Sunday November 9, 2003
The daunting weather forecast proved to be incorrect. I recently
asked one of the skippers down at Fisherman's Wharf. "Danny, do you
ever read the weather forecasts?" To which he replied, "If I paid
any attention to the weather forecasts I'd never go to work!"
The conditions on the bay Sunday were good. We never saw any of the
predicted rain, the winds were just enough to keep the tubenoses flying
around our boat for most of the day, and the swell was moderate.
We started our day with the male HARLEQUIN DUCK in all his
finery inside the harbor.
Once we got out into the bay it was tubenose city but conversely we
saw almost no alcids at all. We had NORTHERN FULMARS flying
around the boat almost continuously. Lots of BULLER'S, PINK-FOOTED
and BLACK-VENTED SHEARWATERS but only a smattering of SOOTIES
and a few dark-brown shearwater sp. that went unidentified to species.
A single FLESH-FOOTED SHEARWATER was our bird of the day.
most excitement was generated by an interesting bird that we wanted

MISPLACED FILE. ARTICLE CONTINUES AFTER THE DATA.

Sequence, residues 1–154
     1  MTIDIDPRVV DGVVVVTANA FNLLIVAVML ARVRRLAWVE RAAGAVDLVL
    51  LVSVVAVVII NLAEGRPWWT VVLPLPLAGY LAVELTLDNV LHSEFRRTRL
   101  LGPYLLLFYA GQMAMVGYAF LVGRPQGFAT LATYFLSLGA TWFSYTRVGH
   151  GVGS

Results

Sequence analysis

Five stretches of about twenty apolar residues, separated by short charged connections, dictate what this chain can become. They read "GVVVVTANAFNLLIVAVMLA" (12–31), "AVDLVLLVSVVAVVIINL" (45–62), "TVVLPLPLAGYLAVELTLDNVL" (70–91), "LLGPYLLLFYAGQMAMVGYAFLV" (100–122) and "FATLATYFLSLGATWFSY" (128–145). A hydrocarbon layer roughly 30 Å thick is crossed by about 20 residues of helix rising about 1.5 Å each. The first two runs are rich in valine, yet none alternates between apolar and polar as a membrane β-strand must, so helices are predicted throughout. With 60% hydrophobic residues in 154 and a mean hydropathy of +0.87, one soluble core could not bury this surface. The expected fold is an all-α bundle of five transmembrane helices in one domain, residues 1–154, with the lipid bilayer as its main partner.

to get better looks at. We thought it a possible 1st winter Red-legged
Kittiwake and our skipper Richard Ternullo summoned all the power
the Point Sur Clipper had in her and charged after the bird. Spray
was flying, cameras were grabbed and hugged to the body to keep dry,
chum was flung off the stern frantically, lenses were wiped, then
wiped again. But when we finally managed to pull alongside we could
see the yellow-tipped black bill of a late, basic plumaged SABINE'S
GULL. We were a bit disappointed yet exhilarated by the thrill
of the chase.
In the midst of all the excitement two ASHY STORM-PETRELS went
RED PHALAROPES were abundant and POMARINE JAEGERS common.
Gull enthusiasts were very happy back at the stern with BONAPARTE'S,
GLAUCOUS-WINGED, WESTERN, HERRING, THAYER'S
and HEERMANN'S GULLS (not to mention the various intergrades)
coming in for the popcorn, squid and anchovy chum.
Alcids were in the single digits. CASSIN'S and RHINOCEROS
AUKLETS and a few COMMON MURRES were it.
Marine Mammals seen were also in the single digits -- HUMPBACK WHALES
and RISSO'S DOLPHINS. A SPERM WHALE had been seen a few times the
previous week but we were unable to refind it.
Roger Wolfe for Monterey